Rice has been a staple food crop for millions of people for hundreds of years. This important crop is now a major part of 20% of the world’s population, with it being grown on every continent except Antarctica.
Whilst rice is known to be an important part of our diet, recently published research has shown how rice can be used in a unique way; to clean chemical runoff from farms before it can enter local water sources.
The investigation into the water filtering properties of rice involved planting four fields, two with and two without rice. These were then flooded with a mixture of commercially available pesticides and water to mimic chemical runoff usually found in flooded fields. The water quality was measured for the following two years. Interestingly, it was found that pesticide levels were lower in fields with rice, with levels dropping up to 85-97%.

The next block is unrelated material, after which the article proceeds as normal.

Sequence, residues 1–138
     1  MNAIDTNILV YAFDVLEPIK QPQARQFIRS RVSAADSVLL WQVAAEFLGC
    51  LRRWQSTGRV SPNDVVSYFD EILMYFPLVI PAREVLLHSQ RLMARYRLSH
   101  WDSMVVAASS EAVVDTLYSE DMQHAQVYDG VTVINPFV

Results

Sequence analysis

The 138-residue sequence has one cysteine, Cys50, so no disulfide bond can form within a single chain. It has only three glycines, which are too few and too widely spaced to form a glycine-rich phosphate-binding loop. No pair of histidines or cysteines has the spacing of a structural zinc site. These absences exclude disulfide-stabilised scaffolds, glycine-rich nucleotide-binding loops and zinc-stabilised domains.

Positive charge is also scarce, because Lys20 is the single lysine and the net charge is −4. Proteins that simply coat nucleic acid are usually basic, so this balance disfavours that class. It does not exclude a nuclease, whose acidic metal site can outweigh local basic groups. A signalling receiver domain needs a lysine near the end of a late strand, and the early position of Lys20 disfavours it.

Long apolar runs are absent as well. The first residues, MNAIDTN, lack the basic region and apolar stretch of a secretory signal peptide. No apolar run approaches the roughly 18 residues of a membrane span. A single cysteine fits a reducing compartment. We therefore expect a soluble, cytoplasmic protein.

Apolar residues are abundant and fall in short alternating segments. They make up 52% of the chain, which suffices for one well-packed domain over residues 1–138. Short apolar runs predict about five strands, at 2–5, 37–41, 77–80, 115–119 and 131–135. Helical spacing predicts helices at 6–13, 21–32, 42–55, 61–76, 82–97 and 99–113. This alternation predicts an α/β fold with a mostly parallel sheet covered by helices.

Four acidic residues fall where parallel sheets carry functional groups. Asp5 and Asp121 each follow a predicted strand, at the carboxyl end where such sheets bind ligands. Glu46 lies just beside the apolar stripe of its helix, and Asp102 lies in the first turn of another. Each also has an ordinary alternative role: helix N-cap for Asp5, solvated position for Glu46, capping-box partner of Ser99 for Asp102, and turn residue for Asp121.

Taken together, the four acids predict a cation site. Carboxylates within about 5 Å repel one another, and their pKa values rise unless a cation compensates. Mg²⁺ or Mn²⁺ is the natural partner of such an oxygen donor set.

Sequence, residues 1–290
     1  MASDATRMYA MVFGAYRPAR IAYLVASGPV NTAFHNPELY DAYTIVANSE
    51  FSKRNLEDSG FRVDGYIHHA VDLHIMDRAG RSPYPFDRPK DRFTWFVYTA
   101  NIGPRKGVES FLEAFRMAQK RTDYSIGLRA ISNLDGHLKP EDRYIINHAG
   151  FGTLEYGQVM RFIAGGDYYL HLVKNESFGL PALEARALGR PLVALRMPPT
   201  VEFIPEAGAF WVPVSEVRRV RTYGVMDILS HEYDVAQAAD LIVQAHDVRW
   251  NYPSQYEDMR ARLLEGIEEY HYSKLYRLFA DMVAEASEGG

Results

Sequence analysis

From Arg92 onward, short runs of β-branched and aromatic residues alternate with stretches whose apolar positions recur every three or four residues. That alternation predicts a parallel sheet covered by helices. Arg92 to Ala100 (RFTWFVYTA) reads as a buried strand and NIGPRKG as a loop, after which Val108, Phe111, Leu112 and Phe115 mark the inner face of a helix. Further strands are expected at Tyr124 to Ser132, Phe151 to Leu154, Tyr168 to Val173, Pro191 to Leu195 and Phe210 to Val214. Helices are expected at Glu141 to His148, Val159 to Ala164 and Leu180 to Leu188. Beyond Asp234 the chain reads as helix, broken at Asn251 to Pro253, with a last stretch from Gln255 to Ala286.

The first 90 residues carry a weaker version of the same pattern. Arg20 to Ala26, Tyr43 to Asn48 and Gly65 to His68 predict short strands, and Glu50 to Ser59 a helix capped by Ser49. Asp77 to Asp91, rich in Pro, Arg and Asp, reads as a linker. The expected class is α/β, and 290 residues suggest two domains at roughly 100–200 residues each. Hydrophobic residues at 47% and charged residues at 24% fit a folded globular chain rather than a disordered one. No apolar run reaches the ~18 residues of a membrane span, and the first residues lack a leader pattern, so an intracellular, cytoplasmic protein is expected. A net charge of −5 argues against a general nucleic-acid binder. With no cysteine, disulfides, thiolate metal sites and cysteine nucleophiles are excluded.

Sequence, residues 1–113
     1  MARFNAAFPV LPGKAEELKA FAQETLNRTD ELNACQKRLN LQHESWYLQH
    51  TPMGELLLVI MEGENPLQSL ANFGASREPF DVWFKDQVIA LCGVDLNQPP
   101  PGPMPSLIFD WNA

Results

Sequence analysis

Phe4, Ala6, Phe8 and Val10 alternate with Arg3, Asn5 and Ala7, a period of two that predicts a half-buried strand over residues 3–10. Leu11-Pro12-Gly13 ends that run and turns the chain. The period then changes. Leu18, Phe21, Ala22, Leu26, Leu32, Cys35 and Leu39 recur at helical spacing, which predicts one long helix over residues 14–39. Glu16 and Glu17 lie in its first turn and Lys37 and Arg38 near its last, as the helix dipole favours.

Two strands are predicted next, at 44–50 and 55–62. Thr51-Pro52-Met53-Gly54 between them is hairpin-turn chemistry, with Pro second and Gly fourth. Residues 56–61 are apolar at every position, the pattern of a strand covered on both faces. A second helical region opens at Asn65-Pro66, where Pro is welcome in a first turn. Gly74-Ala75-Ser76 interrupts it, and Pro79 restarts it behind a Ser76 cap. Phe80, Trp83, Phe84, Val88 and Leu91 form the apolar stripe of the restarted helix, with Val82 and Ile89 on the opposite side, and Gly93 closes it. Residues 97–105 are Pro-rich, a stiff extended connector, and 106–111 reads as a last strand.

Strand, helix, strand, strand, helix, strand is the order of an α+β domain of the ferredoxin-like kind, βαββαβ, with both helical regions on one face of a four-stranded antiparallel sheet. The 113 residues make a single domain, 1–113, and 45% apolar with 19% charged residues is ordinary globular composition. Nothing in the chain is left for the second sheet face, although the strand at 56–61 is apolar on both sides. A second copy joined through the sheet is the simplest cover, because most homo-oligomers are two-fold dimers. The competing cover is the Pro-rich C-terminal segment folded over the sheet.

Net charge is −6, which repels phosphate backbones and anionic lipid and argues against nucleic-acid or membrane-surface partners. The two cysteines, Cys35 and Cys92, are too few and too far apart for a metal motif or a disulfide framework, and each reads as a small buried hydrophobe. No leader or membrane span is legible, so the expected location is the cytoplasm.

The natural process of filtering by plants is known as phytoremediation, an ability some plants have evolved with to filter specific pollutants in the soil, air and water. Growing such plants on contaminated sites as a tool has shown to provide a service in cleaning low to moderate contaminated areas. The plant’s natural biological and chemical activities allows for the removal of metals, pesticides, crude oil and landfill leachates via complex transport systems.